An assessment was carried out by the assistant registrar who on 28 September 2000 awarded to Ms Tan the sum of $316,025.81 made up as follows:

(1) Pain and suffering $ 13,000.00
(2) Pre-trial loss of earnings $ 77,491.60
(3) Loss of future earnings $ 225,534.21
Total $ 316,025.81



On this sum, the usual interest was also awarded in respect of the first two items, making a grand total of $331,855.14.


As this sum awarded was less than an offer of $350,000 which the defendants made on 24 January 2000 to settle Ms Tan`s claim under O 22A of the Rules of Court, the assistant registrar ordered that Ms Tan would only be entitled to costs up to the date of the offer and Ms Tan would have to bear the costs of the defendants on the indemnity basis incurred after the offer was made.


Ms Tan appealed against the decision of the assistant registrar.
Woo Bih Li JC heard the appeal and he increased the award for loss of pre-trial earnings by adding two sums, $2,736.31 (being excessive deduction for income tax) and $14,700 (this will be elaborated later), back into the computation and those two sums would bear interest at 3%p[thinsp]a from the date of the accident to the date of the assessment of damages as the assistant registrar had ordered in respect of pre-trial loss of earnings. In the light of these variations made by the judge, the total award granted to Ms Tan, including interest, amounted to $352,279.33.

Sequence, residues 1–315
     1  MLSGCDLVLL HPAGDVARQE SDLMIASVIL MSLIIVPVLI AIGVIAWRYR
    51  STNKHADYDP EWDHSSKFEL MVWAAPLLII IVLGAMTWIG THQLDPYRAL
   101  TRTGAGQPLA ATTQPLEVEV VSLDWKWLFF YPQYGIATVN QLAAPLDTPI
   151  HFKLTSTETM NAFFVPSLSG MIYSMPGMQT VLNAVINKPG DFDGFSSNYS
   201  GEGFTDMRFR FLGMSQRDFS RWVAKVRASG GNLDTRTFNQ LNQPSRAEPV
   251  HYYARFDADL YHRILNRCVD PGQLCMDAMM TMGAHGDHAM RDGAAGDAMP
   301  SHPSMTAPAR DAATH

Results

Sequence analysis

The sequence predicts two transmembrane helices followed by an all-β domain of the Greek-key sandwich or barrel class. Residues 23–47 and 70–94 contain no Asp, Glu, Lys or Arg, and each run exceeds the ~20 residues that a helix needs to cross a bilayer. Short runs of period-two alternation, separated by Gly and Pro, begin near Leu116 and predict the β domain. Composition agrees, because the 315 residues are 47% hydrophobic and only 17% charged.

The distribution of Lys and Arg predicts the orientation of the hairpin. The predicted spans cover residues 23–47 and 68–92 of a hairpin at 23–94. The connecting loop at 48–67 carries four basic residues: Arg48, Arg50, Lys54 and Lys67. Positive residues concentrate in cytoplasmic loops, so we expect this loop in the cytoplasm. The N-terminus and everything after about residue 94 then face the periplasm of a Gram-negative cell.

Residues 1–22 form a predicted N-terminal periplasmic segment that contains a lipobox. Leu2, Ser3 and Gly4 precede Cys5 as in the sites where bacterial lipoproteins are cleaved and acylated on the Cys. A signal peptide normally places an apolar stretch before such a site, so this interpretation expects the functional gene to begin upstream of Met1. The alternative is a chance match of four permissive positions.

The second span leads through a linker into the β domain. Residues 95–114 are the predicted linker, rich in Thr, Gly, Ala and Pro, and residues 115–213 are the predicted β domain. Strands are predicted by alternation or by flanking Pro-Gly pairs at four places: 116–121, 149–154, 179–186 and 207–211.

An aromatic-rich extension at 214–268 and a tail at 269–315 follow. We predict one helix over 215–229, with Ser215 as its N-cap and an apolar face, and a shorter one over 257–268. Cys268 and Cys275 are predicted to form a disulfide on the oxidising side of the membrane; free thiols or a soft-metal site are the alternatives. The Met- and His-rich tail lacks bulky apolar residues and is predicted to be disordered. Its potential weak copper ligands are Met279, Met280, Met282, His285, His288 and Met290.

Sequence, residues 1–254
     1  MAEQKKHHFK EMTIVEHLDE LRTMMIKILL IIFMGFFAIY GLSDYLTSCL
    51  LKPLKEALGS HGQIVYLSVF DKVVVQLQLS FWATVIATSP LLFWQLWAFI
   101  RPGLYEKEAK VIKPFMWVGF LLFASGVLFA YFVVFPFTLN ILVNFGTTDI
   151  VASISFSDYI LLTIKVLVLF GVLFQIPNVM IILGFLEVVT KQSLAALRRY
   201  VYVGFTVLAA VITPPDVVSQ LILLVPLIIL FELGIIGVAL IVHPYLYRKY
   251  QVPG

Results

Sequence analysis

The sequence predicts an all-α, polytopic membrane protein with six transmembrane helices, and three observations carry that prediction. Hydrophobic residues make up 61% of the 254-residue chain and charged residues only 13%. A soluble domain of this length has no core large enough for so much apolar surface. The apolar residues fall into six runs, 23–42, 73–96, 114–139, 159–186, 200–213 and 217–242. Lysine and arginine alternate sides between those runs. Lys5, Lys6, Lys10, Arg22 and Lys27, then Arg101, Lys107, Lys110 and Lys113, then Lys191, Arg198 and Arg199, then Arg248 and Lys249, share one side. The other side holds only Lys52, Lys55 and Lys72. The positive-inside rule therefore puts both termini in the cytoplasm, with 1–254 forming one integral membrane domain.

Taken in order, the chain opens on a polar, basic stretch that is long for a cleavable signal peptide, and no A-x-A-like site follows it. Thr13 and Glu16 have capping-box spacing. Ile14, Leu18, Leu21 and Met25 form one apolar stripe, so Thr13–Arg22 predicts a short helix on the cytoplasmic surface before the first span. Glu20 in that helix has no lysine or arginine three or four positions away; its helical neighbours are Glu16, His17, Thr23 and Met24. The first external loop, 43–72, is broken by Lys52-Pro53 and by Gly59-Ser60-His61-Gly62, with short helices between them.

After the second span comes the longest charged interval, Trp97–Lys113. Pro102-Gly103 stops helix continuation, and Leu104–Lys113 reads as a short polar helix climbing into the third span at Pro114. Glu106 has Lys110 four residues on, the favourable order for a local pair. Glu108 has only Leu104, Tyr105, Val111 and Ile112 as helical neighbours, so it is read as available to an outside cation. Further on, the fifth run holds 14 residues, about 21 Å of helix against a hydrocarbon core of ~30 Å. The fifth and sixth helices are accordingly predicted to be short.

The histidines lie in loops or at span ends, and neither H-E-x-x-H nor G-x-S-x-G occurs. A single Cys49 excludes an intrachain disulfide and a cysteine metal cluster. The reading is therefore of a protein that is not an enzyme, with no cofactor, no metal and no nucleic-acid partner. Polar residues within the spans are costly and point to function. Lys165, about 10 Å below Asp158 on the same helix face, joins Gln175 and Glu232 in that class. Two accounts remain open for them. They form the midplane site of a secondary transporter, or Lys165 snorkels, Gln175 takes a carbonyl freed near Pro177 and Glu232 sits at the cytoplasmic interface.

The offer made by the defendants was $350,000.
Taking into account the interest which this sum would have earned from the date of the offer up to the date of the assessment by the assistant registrar, it would become $351,809.82. As this sum was still less than the total sum of $352,279.33 awarded, Woo JC also altered the decision below on costs. The defendants were ordered to pay Ms Tan`s costs up to the date of the offer. As for the costs incurred after the offer, Woo JC fixed them at $1,000 payable by the defendants to Ms Tan. As for the costs of the appeal before the High Court, Woo JC also fixed it at $5,000, payable by the defendants to Ms Tan.